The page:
Stories revolving around cars or bikes never interested me. I always saw them as a niche subsection, only attracting those whose fascination of wheels guaranteed them access to a “group” of fellow automobilophiles (that’s a word, right?), a “group” with which I shared no mutual interest.

    So I started reading Tim Park’s “Vespa” thinking I wouldn’t enjoy it. By the time I finished the story, though, I was kinda disappointed.

    Park’s story starts off pretty nicely with Mark parking his Vespa outside his girlfriend’s school and taking the bus to meet her somewhere else. They don’t make out in an empty house as was the initial plan, but go to a coffee shop. Later, he goes shopping with his mother, only to return to find his Vespa’s motor gone.

    There’s more plot in this story than in the last couple of stories, and it’s engrossing up to a point when the mother takes him to the station to report the crime. After that, it slowly starts losing track. Mark sketches a fat woman in class, thinking how she’s happy and how he’s not.

    As much as the story failed to deliver for me in the end, Mr. Park does deserve credit for near perfectly depicting the anxiousness of losing a device/vehicle that helps you connect with a loved one. More often than not we relegate this sentiment to a whining teenager bitching about getting his I-phone back, but the swift, sudden feeling of loss that comes with the disappearance of the gateway-object is usually lost upon us and I felt Mr. Park portrayed that as best as he could.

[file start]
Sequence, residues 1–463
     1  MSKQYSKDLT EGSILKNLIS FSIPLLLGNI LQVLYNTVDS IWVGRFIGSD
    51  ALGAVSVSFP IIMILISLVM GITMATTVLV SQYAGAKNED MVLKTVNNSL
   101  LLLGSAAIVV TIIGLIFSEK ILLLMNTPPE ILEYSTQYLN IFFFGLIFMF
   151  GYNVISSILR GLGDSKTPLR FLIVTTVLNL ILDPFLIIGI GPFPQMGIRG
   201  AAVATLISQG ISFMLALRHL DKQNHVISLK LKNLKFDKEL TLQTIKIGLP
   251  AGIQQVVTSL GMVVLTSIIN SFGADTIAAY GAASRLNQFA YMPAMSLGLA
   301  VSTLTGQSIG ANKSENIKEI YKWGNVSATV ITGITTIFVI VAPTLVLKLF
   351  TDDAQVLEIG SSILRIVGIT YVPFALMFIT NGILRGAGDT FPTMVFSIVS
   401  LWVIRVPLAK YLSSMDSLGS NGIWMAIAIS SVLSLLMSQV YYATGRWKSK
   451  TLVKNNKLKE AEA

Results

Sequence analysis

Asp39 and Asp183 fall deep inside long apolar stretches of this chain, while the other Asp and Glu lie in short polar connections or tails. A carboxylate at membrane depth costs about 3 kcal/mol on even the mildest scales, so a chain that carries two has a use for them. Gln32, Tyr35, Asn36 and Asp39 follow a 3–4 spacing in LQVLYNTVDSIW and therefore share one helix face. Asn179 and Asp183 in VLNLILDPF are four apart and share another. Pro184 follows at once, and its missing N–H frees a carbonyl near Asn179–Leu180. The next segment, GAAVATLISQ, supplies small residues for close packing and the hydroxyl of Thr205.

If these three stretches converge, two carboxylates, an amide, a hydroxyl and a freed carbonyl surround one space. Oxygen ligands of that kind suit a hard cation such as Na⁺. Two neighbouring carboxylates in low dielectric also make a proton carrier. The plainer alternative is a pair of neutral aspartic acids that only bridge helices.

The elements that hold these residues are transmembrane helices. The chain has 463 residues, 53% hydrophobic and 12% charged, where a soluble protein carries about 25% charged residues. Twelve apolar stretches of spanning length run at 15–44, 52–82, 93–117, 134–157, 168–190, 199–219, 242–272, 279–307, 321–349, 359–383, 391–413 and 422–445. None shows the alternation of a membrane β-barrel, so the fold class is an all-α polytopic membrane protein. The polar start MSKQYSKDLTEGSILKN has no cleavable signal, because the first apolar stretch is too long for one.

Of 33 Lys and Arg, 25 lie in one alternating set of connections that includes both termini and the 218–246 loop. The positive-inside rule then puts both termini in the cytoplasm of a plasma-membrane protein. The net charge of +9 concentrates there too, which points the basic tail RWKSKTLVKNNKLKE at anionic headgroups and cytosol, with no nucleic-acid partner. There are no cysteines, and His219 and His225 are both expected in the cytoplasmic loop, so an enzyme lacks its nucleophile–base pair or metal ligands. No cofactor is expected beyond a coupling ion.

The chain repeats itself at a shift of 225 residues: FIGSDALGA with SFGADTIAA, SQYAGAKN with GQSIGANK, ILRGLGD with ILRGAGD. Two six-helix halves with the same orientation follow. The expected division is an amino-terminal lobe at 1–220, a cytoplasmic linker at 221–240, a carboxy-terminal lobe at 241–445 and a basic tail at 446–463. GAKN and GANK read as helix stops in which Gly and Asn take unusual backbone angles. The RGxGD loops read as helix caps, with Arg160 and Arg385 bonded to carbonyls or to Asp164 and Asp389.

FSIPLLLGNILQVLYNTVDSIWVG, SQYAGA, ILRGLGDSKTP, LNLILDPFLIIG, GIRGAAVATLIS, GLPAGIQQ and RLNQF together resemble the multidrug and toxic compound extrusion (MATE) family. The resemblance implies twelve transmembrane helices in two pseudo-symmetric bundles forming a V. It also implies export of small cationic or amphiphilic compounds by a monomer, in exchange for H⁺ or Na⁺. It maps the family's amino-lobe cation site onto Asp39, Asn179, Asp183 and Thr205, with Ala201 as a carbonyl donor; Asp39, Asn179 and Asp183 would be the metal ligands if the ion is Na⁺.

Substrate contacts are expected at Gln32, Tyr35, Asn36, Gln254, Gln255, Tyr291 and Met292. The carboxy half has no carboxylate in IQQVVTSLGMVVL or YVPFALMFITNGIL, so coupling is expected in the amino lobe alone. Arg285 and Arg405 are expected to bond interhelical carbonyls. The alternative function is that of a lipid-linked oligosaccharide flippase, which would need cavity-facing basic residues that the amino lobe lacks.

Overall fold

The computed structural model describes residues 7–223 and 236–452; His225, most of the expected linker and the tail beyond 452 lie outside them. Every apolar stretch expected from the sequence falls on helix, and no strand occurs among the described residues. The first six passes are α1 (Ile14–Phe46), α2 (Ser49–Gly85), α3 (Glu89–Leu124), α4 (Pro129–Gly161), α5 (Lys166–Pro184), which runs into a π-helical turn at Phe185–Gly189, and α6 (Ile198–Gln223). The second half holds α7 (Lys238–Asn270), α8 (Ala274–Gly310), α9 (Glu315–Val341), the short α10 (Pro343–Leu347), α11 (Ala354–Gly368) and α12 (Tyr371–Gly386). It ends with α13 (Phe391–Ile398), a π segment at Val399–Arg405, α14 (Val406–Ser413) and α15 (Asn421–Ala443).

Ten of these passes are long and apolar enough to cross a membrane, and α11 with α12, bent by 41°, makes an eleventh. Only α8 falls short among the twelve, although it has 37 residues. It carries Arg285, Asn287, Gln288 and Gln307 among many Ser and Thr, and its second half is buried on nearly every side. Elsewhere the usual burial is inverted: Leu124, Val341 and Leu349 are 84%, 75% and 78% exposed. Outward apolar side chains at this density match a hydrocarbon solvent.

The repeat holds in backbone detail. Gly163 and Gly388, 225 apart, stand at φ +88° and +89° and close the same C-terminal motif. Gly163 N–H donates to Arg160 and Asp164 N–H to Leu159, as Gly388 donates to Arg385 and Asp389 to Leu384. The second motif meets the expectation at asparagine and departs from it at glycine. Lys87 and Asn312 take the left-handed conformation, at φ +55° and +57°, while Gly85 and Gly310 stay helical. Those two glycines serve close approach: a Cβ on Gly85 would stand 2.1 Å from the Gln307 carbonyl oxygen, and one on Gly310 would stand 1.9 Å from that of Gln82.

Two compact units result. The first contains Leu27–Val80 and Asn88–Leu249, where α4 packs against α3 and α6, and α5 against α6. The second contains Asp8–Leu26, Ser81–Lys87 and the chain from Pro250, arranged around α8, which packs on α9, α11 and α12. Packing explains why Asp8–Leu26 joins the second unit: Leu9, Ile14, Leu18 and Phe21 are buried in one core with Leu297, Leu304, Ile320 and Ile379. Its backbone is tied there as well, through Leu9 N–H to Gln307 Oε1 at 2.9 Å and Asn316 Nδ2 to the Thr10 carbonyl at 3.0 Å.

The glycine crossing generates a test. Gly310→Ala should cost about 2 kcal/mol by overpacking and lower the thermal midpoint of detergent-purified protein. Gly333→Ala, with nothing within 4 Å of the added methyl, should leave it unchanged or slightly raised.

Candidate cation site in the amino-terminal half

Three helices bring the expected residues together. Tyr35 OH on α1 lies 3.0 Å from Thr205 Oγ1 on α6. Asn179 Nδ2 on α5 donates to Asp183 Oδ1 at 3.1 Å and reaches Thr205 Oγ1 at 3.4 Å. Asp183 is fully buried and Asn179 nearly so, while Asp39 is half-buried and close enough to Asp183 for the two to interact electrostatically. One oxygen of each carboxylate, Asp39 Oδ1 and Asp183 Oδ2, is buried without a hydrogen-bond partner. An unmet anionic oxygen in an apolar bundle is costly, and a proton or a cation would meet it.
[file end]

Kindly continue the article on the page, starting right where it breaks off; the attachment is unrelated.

In the latter part of the story, the build-up is completely ruined with the absence of a satisfying punch. If you’re going to have an evil girlfriend in the story at least make the discovery less unsure.

    For me, the ending killed it. OMG, WHAT’S GOING ON MARK IS LOSING IT IS HE OKAY OR WHAT wasn’t something I wanted to ironically say while reading the story.

    RATING: 5/10


  4. Kay martinez October 4, 2015 at 12:52 pm

    So good I almost couldn’t read it. To meI, the story is not about any of the things Adrienne posits, but the hilarious and painful clash between institutional thinking and humanity.

  5. Roger October 5, 2015 at 10:04 pm

    I enjoyed this very much. Parks’s evocation of the feelings of decent but insecure young Mark were pitch perfect. The kid seemed quite real to me. I loved how he is henpecked by his parents and how that contributes to his weakness, which I’m betting he is starting to grow out of. I also loved the mismatch between his innocence and the seemingly more worldly, experienced Yasmin, who struck me not as a villain but as a teenage girl who operates in a different milieu than Mark and his family. How much she knew about the borrowing of the bike is something we don’t find out, and Mark probably won’t, either, which is fine with me. The dialogue, especially with the police officer and with Mark’s parents, was hilarious at times but always believable. I didn’t experience any bumpiness in the plot; to the contrary, it drove as smartly as that Vespa. The characters and the plot and Parks’s craft gave this story a pulse. As for the model the class was drawing, I read it the same way Parks discusses it in the page-turner interview.